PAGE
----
Make sure you head to the Wineglass Bay Lookout. Looking down on the bay, the name starts to make sense. Not only does the shore curve in a steady arc like the side of a wineglass, the seabed becomes deeper in a similar bend, transforming the colour of the water accordingly. This water is, in fact, as still as wine. The only problem is you can’t drink it. The sudden rise of the mountains around the bay’s perimeter round out the image.
Standing at the lookout, you want to get amongst the awesome view. The good news is you can, by following the walking trail down to the bay. We missed out on this due to maintenance, which gives us an excuse to return.
While you’re in the National Park, check out the aforementioned lighthouse, Honeymoon Bay and the many tours on offer (including cruises, charters and walking tours). Do be warned that the roads through this park can be narrow and windy, so take it easy with camper in tow.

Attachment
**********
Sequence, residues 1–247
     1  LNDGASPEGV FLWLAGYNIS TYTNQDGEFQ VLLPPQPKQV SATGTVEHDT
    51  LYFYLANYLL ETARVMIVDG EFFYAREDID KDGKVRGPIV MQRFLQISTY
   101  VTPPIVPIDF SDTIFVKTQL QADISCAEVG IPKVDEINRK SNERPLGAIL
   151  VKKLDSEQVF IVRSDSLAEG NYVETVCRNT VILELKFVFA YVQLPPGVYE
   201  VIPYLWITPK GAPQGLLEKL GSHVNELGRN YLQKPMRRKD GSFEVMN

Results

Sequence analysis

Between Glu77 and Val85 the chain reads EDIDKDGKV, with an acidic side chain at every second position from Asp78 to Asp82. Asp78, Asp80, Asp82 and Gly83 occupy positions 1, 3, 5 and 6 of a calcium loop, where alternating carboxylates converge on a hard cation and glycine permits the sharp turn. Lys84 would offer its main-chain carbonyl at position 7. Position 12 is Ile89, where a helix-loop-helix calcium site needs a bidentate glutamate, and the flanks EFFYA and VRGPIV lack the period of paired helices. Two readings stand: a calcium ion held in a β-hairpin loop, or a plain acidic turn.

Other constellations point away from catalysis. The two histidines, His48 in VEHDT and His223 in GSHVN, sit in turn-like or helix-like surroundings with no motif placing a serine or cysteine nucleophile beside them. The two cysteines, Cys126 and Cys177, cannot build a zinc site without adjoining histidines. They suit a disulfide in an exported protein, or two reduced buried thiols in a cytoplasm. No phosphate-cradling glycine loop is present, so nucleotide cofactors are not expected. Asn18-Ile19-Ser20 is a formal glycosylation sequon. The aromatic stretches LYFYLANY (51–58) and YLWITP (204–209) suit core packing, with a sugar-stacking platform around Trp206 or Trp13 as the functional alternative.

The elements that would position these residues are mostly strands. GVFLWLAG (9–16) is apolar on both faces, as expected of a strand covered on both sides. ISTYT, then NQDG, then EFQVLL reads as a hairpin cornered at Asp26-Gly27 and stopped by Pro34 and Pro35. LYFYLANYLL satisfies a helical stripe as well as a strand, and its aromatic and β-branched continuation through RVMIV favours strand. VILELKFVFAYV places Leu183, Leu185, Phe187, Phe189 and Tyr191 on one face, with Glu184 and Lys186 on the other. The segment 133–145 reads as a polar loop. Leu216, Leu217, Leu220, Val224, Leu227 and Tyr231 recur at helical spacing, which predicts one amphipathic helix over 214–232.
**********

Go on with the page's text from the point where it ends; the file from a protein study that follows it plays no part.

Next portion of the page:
BAY OF FIRES
The next leg of the journey takes you up through Bicheno, Four Mile Creek, Falmouth, Scamander and Beaumaris. This region is known as the Surf Coast, thanks to the booming swells that occupy the surf rats all year round. Just inland of Bicheno, you’ll find the Douglas Apsley National Park, full of terrific short walks through rainforests and by waterholes.
After completing the Surf Coast, you arrive at Bay of Fires. This holy place resides near St Helens, the northernmost point of the Great Eastern Drive, and it certainly fits the bill of the grand finale. It’s a 50km stretch of coast comprised of piled orbs of granite covered in bright orange lichens. Who knew that fungus could look so good? Particularly when it’s side by side with strips of bleached white sand and unusually vibrant blue water, transparent where it’s calmer in the bays.